All or a portion of the filler may have a relatively high particle size (e.g., 500 microns or more). The use of high particle size filler material may provide the thermally insulating adhesive 16 with structure such that the thermally insulating adhesive 16 functions to further space the overwrap 14 from the base container 12. For example, the thermally insulating adhesive 16 may be formed as a composite material that includes an organic binder and a hard organic filler, such as sawdust, that has an average particle size of at least 500 microns, such as about 1000 to about 2000 microns.

In one particular expression, the thermally insulating adhesive 16 may be a foam. The foam may be formed by mechanically whipping the components of the thermally insulating adhesive 16 prior to application. Optionally, a foam forming agent may be included in the adhesive layer formulation to promote foam formation. As one example, 10 to 60 percent of the foam of the thermally insulating adhesive 16 may be open voids, thereby facilitating the absorption of moisture. As another example, 10 to 30 percent of the foam of the thermally insulating adhesive 16 may be open voids.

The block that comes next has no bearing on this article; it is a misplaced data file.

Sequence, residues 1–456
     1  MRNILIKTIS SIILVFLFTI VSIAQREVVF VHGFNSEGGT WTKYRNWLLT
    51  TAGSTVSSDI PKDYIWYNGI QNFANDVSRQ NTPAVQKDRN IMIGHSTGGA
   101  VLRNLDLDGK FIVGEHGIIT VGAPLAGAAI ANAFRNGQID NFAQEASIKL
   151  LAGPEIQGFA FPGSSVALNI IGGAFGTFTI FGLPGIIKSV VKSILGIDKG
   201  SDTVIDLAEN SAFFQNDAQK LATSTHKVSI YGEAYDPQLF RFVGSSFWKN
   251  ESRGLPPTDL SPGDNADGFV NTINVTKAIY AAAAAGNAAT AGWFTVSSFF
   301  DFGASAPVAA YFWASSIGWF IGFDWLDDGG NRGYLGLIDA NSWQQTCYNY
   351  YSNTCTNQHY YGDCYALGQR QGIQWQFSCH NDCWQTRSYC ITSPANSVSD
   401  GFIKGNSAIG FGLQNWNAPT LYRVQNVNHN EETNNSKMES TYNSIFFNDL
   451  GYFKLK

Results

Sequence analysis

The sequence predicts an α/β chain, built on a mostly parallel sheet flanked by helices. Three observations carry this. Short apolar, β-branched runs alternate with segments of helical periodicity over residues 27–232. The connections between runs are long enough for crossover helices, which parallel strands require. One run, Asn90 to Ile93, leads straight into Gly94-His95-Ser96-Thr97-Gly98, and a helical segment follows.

In another particular expression, the thermally insulating adhesive 16 may be formed from a binder-filler formulation having a pseudoplasticity index in the range of 0.3 to 0.5. Such a pseudoplasticity index may provide the thermally insulating adhesive 16 with a sufficient minimum thickness, while preserving the ability to apply the formulation at a low viscosity. For example, the formulation may have a low shear viscosity in the range of 2,000 to 50,000 centipoises and a high shear viscosity in the range of 100 to 5,000 centipoises.

As one option, the thermally insulating adhesive 16 may additionally include a plasticizer. The plasticizer may comprise 0.5 to 10 percent by weight of the thermally insulating adhesive 16. Examples of suitable plasticizers include sorbitol, Emtal emulsified fatty acids and glycerine.

As another option, the thermally insulating adhesive 16 may additionally include sodium silicate, which may act as a filler, but is believed to aid in binding and curing of the binder by rapidly increasing viscosity of the binder during the drying process. The sodium silicate may comprise 0 to 15 percent by weight of the thermally insulating adhesive 16, such as about 1 to about 5 percent by weight of the thermally insulating adhesive 16.

As yet another option, the thermally insulating adhesive 16 may be formulated to be biodegradable.